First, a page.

If nothing else…the pandemic should teach us that any country screwing around w/viruses in designated experimental labs, without any sort of World watchdog overseeing the reason behind it, is as fatal to Earth life as any rogue country screwing w/nuclear weapons. That includes the USA. My eyes have been opened & I hope the eyes of many, too. It also sent up a red flag that no one, anywhere on Earth, is prepared to face anything like this…now, or in some future struggle with the like. It’s like the Chinese (or similar participant) playing w/fire, but without a fire extinguisher… Read more »

Boomp
Boomp
1 month ago

I suppose it’s out of the question to think this entire article is made up?

chemtrailssuck
1 month ago
Reply to  Dr. Eowyn

I think we should defund all bioweapons labs in the world.

Calgirl
Calgirl
1 month ago
Reply to  Boomp

Tell it to my 7th-grade student who lost his mother, a 40-yr-old vital community member, our PTA President, and activist member of the Soboba Indian Tribe here in So.CA. She died in quarantine while her husband, too was afflicted and quarantined from the rest of the family (he survived.) She was buried on her son’s 13th birthday, with no one but the immediate family present. Tell it to my cousin removed in PA, whose mother died quarantined, alone, in a nursing home. They cremated her and put her on a shelf until such time as the family could get together… Read more »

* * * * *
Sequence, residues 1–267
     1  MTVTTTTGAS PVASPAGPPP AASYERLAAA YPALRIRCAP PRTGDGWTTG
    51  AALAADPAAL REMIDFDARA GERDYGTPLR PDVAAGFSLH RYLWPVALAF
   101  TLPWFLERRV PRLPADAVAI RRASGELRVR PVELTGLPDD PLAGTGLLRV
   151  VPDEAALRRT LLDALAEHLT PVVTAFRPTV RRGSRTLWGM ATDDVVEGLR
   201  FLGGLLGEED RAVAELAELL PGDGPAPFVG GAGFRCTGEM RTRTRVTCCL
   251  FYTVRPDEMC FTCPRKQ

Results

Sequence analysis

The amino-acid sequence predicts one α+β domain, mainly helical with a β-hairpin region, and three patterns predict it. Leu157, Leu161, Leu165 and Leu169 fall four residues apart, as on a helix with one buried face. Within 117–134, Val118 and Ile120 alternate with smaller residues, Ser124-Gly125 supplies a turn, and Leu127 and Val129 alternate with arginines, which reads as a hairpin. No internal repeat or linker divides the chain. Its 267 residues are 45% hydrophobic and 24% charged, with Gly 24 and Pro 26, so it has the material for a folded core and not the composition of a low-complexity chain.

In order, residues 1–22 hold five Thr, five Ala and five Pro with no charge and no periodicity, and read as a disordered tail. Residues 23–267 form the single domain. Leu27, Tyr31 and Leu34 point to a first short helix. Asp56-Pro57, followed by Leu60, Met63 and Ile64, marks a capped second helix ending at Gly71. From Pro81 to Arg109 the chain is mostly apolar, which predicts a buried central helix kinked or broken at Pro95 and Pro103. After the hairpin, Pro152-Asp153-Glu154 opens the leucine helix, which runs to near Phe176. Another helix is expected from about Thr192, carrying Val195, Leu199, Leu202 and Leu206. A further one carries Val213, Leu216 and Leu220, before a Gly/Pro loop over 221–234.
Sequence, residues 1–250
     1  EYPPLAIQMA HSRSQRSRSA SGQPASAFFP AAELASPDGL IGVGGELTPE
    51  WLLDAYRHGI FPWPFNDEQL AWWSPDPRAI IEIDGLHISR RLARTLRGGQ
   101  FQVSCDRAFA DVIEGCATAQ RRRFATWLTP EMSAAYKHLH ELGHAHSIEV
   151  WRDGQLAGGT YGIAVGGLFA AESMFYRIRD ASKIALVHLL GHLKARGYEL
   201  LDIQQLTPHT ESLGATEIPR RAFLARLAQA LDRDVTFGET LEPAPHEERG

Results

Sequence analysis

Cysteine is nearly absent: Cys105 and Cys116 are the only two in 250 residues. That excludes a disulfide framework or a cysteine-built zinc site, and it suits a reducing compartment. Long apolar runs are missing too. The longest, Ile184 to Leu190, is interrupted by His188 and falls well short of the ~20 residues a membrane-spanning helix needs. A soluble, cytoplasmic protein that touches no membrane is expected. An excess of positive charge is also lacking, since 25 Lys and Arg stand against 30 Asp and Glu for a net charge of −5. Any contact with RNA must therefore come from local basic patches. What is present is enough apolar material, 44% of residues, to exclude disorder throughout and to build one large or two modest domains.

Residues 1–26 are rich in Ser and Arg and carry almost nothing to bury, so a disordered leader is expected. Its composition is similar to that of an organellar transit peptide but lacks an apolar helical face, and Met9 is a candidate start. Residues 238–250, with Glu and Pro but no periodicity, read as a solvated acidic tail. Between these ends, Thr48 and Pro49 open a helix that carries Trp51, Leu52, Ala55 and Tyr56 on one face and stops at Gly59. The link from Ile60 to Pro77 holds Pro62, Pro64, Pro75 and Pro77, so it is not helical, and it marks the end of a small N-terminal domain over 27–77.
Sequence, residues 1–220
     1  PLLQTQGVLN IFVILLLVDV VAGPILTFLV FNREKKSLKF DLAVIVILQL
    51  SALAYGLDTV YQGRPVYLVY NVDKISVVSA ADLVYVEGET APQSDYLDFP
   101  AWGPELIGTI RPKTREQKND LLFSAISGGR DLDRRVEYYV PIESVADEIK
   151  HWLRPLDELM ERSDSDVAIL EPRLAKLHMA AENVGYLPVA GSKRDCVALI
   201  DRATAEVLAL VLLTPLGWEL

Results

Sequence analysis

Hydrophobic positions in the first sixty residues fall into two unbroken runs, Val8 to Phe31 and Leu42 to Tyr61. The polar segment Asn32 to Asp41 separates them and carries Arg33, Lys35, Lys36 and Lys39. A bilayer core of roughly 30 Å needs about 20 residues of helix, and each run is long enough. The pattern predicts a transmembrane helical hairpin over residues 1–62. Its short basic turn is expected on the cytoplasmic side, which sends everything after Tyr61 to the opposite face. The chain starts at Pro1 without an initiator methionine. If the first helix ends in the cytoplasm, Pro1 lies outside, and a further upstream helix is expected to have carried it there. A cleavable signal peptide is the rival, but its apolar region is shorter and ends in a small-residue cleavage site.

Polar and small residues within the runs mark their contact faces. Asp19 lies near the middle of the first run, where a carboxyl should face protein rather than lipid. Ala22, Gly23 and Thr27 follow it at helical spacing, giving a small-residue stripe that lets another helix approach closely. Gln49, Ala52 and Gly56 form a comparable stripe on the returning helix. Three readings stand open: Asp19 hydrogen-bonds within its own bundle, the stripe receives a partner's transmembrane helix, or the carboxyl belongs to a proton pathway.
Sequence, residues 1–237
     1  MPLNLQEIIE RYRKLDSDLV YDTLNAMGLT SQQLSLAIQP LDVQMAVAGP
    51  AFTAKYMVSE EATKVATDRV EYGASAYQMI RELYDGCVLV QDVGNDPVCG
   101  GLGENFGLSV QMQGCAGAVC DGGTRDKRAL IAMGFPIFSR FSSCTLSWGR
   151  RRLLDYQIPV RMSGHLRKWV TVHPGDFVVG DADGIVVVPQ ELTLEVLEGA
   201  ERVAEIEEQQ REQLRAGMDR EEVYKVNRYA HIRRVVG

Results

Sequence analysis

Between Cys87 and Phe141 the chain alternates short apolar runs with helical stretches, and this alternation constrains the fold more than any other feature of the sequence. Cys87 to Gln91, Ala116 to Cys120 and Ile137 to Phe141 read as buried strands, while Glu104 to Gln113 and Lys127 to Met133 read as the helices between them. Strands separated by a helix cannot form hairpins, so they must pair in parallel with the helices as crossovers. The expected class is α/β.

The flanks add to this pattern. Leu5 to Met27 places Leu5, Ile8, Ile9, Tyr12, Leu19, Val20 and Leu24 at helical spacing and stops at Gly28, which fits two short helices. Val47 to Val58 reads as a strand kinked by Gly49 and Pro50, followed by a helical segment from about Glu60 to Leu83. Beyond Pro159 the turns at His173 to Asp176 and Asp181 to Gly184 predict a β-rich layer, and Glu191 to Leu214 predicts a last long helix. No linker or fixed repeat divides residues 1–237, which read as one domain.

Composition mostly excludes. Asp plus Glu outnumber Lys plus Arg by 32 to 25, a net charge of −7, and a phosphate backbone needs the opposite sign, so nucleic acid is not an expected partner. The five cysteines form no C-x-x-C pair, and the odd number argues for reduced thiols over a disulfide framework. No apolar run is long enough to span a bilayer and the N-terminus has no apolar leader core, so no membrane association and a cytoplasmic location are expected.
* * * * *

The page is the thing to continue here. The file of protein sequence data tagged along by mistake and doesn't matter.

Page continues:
chemtrailssuck
1 month ago
Reply to  Calgirl

Read “The Holocaust Industry” by Norman Finklestein, or “Architects of Deception” by Juri Lina.

Calgirl
Calgirl
1 month ago
Reply to  chemtrailssuck

Write about it to try and change history, and, in this case the enormity of outcome defeats any attempt at deception or denial, in death or in living memory, i.e., the Democratic Socialist Republic of Germany was far too successful in their goals with mass annihilations to reverse historic review of outcome.   (PS….esp. loved the “Democratic Socialists Republic” rolling off my tongue….a la The Bern, and Alexandria Occasional Cortex, among others…what a “prosperous blueprint” in history to follow….NOT! IF you are a student of history, it all started with “free” health care to all from the previous Weimar Republic,… Read more »

chemtrailssuck
1 month ago
Reply to  Calgirl

And, “The winners write the history books.”
 

chemtrailssuck
1 month ago

It seems to be another virus that was tinkered with in a lab. They have some nasty ones like Ebola. What better way to get everyone to bend over and take a vaccine courtesy of Bill Gates et al than to unleash a man made virus? Not to mention what happens in NYC, they did the WTC attacks to them, all that toxic stuff in the air, then all the people that cleaned up, so many got cancers and died (Geiger counters, anyone?), who knows what they’re doing. Some evidence that wireless 5G helps bacteria become more immune to antibiotics,… Read more »